Regardless of size and industry, it is imperative for organizations to manage their reputation carefully. Just as a strong reputation can help attract new business, a poor reputation can drive potential customers away, leading to financial loss. This is why many organizations are beginning to invest in reputational risk management programs.
With a system in place to manage enterprise risk, companies are able to set quantifiable performance metrics and facilitate reputational alignment across departments. This streamlines a businesses’ ability to identify and respond to reputational threats by enabling risk prioritization. Below we outline four best practices you can follow to effectively manage reputational risk at your organization.
What is reputational risk?
Reputational risk is the damage that can come to a business if they fail to reach the expectations of investors or business owners, and is therefore perceived in a negative light. Consequently, this harms the business’s reputation.
Why is reputational risk management important?
Reputational risk management is important because it directly impacts your business’s success, relationships, and growth; and oftentimes, a reputational risk event is more damaging as it can take years to rebuild a tarnished corporate image. In some cases, these events can even result in a company going out of business if it is unable to regain trust with its customer base. Conversely, organizations that have a strong reputation are better able to attract new customers and employees, have a healthy market value, and receive the benefit of the doubt when an incident occurs.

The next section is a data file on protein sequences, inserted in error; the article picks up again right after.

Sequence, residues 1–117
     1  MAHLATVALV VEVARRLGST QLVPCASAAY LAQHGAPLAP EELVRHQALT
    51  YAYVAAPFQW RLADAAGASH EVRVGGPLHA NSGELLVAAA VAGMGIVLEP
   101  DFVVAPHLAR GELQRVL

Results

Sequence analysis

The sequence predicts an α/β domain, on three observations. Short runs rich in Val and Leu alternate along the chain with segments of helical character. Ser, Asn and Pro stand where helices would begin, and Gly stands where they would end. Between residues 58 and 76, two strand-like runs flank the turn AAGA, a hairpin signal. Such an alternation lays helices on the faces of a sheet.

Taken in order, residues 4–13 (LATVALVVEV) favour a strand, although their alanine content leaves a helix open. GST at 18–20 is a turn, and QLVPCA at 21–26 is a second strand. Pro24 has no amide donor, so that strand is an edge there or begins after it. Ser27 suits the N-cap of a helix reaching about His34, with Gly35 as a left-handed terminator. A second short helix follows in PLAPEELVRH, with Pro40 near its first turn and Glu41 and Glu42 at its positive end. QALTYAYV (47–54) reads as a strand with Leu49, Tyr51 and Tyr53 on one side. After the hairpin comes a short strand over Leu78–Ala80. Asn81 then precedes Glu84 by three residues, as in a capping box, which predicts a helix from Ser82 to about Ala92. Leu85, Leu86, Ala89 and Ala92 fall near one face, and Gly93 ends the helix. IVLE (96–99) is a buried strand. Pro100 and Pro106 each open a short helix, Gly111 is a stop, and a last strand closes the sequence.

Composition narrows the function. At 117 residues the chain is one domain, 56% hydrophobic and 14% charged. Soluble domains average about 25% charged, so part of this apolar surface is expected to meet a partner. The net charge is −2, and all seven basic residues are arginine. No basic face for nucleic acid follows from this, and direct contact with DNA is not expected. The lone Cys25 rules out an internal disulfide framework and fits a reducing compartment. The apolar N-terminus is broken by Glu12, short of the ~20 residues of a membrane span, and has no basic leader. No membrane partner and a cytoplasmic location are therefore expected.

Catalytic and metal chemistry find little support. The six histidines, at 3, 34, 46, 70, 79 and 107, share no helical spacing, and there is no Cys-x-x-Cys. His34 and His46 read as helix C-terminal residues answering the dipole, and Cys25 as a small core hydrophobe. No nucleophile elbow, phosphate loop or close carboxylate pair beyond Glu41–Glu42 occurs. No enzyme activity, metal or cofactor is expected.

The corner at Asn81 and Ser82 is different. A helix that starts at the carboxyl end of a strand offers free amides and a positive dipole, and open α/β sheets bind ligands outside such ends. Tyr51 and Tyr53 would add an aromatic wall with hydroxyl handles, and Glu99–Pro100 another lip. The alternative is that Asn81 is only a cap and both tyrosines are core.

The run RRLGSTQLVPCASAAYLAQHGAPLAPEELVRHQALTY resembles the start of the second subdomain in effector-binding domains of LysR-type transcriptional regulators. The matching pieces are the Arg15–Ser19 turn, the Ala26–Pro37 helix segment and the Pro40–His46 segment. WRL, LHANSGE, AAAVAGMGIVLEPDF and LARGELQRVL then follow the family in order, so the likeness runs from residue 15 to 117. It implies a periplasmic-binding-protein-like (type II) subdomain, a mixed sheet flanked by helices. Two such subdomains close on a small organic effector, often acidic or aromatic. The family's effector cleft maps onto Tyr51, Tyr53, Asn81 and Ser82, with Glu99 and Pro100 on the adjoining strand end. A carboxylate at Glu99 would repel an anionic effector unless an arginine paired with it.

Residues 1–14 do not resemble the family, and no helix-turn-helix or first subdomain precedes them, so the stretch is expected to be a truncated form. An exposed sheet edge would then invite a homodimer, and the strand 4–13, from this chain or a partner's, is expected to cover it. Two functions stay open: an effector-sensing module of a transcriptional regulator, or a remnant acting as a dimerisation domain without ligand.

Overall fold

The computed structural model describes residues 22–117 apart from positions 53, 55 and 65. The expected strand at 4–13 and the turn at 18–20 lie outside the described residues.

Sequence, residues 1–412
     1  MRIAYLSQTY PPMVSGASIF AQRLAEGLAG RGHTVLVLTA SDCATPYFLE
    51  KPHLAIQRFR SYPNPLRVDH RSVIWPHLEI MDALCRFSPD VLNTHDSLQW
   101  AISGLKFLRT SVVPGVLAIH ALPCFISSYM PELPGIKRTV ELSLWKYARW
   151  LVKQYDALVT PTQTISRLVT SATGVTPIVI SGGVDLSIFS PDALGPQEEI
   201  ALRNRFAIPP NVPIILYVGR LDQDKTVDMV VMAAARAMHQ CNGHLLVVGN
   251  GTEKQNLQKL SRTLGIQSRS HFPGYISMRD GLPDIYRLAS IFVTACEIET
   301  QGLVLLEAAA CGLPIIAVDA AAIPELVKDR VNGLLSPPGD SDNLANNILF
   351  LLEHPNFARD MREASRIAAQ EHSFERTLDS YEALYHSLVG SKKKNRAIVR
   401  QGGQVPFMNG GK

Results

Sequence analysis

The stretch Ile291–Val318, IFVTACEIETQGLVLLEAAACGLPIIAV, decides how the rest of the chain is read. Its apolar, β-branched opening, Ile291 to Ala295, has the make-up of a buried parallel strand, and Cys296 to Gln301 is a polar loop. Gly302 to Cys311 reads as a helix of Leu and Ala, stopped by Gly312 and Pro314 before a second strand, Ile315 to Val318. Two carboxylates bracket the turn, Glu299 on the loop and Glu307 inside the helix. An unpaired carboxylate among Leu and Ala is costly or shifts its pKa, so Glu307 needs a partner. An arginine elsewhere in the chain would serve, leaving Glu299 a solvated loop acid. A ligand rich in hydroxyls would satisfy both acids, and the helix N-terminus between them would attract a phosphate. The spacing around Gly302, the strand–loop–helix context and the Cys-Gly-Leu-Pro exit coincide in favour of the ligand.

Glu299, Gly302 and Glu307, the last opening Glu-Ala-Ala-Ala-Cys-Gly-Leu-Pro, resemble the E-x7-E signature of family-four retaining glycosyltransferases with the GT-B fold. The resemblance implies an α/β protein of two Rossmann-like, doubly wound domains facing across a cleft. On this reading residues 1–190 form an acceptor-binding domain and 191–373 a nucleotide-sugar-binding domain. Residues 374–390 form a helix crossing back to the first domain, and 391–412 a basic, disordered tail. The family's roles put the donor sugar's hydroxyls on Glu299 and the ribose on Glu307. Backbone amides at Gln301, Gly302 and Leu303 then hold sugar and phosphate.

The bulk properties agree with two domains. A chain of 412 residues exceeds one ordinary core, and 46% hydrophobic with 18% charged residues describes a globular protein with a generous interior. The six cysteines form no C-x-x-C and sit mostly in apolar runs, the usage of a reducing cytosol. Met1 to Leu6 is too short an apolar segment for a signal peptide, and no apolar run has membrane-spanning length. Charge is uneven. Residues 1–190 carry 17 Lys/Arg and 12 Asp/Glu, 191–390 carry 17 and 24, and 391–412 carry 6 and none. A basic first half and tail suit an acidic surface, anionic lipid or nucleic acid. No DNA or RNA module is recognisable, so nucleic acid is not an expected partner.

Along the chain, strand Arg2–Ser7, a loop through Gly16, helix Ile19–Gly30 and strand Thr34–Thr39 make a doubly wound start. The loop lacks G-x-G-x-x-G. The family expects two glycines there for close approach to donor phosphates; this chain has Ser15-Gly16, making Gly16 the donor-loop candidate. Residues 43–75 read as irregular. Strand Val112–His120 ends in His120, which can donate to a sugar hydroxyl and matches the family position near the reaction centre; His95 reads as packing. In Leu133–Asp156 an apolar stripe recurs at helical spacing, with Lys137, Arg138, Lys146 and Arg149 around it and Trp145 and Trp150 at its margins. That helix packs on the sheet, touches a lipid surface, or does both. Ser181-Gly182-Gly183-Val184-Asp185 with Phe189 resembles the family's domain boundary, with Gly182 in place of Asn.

As more businesses begin to digitize, reputational strength has become more important than ever before. Organizations are facing increased levels of cybersecurity, financial, and compliance risk, which, if mismanaged, can lead to significant reputational losses. This is why it is vital that organizations build reputational risk management systems that monitor enterprise-wide cybersecurity.
Challenges of reputational risk management
The key challenge many businesses face in managing reputational risk is identifying potential risk events. The lack of widely accepted standards for how to categorize and rank reputational risk makes it difficult for businesses to accurately assess and manage threats. In addition, reputational risks can be extremely complex and span across multiple departments, meaning it can take a long time to identify new threats and vulnerabilities. Reputational risk management requires building frameworks that unify threat identification. The challenge is that this process is resource-intensive and requires open communication between the board of directors and the security teams responsible for managing the risk.